Conference in Cochin

Kochi (Malayalam: കൊച്ചി, Kocci ? formerly Cochin, is a major port city on the west coast of India by theArabian Sea. Kochi is part of the district of Ernakulam in the state of Kerala. Kochi is often called by the name Ernakulam, which refers to the western part of the mainland Kochi.
The city of Kochi (pop. 601,574) is Kerala’s second largest city and is part of an extended metropolitan region (pop. 2.1 million), which is the largest urban agglomeration in Kerala.
The city lies south of Kozhikode, the third largest city in Kerala. In 1102 AD, Kochi became the seat of the Kingdom of Cochin, which traced its lineage to the Kulasekhara Empire. Heralded as the Queen of Arabian Sea, Kochi was an important spice trading centre on theArabian Sea coast from the 14th century. Occupied by the Portuguese Empire in 1503, Kochi was the first of the European colonies in India. It remained the main seat of Portuguese India until 1530, when Goa was chosen instead. The city was later occupied by the Dutch and the British, with the Kingdom of Cochin becoming a princely state.In as much as it was so difficult reading the notes taken at the conference because the ink on the pages of my journal were water-logged, I did some research and came upon these interesting statements which I think may be of service for anyone interested. Also, it was my first real Inter-religious conference. It was one week of sleeping and eating under the same roof of so many brothers and sisters of the human race. Our ways of prayers and rituals differed in many ways. I loved the morning meditations as we had the chance to chose one of a different religion or Tradition each day. I loved the moments of silence the most for its there where I felt we were deeply connected. Below (1) is an article about the Conference which was published on the web. And below that (2) is an article of Professor Cousins who was one of the speakers.

91) Inter-religious Assembly calls for peace and harmony

Saturday, 23 September 2006 17:00
KOCHI (ICNS) — An international assembly of leaders belonging to Baha’i, Buddhist, Christian, Hindu, Islamic, Jain, Jewish, Sikh and Zoroastrian religious faiths gathered in the southern Indian state of Kerala last week to debate the need for inter-religious dialogue globally.
Hailing from different parts of the world including Austria, Bangladesh India, Indionesia, Italy, and Spain, the religious leaders lived together as fellow pilgrims at the Renewal Centre in Kochi from September 14 to 17.

The Assembly also marked the Silver Jubilee of the very first World Conference of Religions that was organized in Kochi, in November 1981.

The theme for the Assembly was “Harmony and Peace with Justice.”

Following is the statement that the Assembly issued after the inter-religious dialogue.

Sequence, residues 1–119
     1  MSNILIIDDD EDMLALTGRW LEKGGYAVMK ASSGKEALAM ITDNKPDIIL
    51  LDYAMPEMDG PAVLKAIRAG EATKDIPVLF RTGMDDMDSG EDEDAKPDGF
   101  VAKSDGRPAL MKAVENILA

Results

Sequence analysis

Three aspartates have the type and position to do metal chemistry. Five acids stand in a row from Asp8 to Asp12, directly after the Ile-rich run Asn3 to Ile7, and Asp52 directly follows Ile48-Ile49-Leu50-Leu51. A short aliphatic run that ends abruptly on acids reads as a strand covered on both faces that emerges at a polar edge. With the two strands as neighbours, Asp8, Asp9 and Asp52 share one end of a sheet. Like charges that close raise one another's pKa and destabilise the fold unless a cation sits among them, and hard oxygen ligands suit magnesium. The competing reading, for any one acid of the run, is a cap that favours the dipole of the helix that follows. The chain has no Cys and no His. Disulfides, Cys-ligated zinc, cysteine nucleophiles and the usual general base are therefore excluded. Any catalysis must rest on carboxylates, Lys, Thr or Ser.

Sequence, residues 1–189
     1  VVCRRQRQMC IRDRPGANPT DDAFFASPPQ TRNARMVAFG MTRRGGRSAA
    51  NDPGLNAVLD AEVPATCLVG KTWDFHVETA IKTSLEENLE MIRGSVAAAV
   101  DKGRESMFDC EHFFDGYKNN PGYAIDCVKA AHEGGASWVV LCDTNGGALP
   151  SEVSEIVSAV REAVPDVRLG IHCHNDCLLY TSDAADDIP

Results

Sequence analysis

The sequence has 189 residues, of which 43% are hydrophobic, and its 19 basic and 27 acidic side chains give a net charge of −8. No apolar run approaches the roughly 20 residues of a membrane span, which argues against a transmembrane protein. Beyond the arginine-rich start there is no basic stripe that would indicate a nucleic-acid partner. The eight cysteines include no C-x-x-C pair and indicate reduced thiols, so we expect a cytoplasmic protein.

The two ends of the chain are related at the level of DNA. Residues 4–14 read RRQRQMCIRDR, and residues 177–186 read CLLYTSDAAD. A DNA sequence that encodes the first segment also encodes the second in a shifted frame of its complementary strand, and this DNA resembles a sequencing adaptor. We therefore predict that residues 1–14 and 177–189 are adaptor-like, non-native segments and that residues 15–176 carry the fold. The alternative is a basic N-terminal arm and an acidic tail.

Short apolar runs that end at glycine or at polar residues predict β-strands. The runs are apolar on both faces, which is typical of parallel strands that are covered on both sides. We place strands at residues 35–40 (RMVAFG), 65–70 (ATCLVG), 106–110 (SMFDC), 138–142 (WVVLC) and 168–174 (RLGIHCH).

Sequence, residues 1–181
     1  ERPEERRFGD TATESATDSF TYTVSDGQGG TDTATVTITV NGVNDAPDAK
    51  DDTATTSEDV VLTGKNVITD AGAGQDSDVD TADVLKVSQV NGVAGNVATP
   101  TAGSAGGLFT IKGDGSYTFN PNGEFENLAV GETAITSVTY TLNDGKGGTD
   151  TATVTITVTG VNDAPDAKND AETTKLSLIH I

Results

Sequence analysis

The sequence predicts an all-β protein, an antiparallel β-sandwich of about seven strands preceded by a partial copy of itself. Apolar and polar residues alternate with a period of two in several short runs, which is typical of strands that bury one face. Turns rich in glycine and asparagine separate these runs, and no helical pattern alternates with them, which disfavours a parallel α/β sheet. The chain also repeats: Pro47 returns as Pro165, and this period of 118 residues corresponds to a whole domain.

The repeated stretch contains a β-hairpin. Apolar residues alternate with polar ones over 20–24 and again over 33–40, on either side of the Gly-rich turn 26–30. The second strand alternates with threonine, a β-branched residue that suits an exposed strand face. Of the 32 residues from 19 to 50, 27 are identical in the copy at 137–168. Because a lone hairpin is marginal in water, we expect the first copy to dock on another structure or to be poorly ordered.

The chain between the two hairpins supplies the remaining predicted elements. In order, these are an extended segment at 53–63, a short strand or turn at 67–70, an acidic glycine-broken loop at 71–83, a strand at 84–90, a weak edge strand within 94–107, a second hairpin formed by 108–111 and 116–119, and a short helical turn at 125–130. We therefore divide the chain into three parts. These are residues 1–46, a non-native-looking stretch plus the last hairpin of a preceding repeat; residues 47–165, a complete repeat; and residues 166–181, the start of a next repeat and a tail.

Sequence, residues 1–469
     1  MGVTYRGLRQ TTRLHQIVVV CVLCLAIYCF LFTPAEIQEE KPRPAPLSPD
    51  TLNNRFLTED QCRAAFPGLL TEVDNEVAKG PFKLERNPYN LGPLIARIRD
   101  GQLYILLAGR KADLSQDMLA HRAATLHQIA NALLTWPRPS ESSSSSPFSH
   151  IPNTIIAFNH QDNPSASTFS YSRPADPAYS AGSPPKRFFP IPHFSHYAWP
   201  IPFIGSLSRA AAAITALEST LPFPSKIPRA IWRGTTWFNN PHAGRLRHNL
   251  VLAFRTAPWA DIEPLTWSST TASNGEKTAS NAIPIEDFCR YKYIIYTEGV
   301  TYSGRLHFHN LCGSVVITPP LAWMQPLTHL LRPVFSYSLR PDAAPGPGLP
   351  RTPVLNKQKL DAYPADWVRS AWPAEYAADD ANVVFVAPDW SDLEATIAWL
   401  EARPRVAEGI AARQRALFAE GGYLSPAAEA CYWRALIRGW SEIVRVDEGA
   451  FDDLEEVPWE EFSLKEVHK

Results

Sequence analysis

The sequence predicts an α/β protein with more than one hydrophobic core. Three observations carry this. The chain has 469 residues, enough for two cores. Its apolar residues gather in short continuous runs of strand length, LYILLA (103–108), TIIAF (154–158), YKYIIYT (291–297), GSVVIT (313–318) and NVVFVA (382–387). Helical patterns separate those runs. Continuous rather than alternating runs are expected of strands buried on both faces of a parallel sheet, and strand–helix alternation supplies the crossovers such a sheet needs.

We are convinced that while all are called upon to actively work for peace and harmony, we the members of the inter-religious groups, societies and movements should consider it our distinctive privilege and sacred duty.

Peace and harmony – within oneself, with nature, with fellow human beings and with the Supreme Spirit – are the goal of every religion, but they cannot be achieved without justice at every level and in all spheres of life.

We are, nevertheless, painfully aware that numerous wars and conflicts, disputes and violence, destruction of life and property, have been perpetrated in the name of religion, and as a consequence the term “religious terrorism” does not appear to be a contradiction in terms any more. Tensions, conflicts and violence between religious groups pose a threat to peace and harmony in some parts of the world whereas agnosticism, atheism and indifferentism give rise to suspicion, hatred and violence in others.

We perceive the causes of tension, disharmony and violence to be (a) discrimination based on religion, language and caste, (b) economic and social exploitation of the marginalized, (c) gender discrimination, (d) lack of equitable distribution of natural resources, wealth and employment opportunities, (e) unemployment and disillusionment among youth, (f) irresponsible use of the print and electronic media, (g) partisan approach of political leaders, (h) unscrupulous expressions of religious fanaticism .

It is our conviction that in the multi-cultural and multi-religious context of our country, we must draw on the rich spiritual heritage – not only of our own particular religious tradition but from other religious traditions as well. For this purpose, we highly recommend to our religious leaders a study of the essentials of the basic tenets and practices of different religious systems.

We believe that the Gandhian vision of a harmonious and just society, with the lofty ideals of Sarvodaya, Satyagraha, Sarvadharma Samabhavana, and Ahimsa, is relevant in today’s Indian context.

We acknowledge the fact that while all religions are sincerely yearning for peace, and harmony, every religion is unique in its beliefs and practices, and progressively tend to perfection in its approach. Consequently, perfect religious harmony will always remain a dream, but we can come closer to realizing that dream if we concentrate on justice and integral development of all peoples, especially of the rural population in our country.

We call upon leaders of all religious persuasions to individually and collectively stand for peace and harmony with justice in society by adopting, proclaiming and effecting universal values of love, forgiveness and reconciliation. We earnestly plead with leaders of all religious communities to initiate and maintain cordial interaction and dialogue with one another at all levels – academic, social, and interpersonal.

Each one of us must cultivate and also encourage others to cultivate a genuine interest in and respect for every other person and help him/her to lead a life with dignity, justice and peace.

Parents should, both by word and example, inculcate in their children a genuine respect for other religions. They can also foster friendships between their children and those belonging to other religious traditions, and entertain such friends in the homes.

Administrators and teachers in educational institutions must, in addition to conducting inter-faith prayer meetings and organizing celebrations of major festivals of different religions, expose the students to practical experiences such as visiting places of worship of different religions.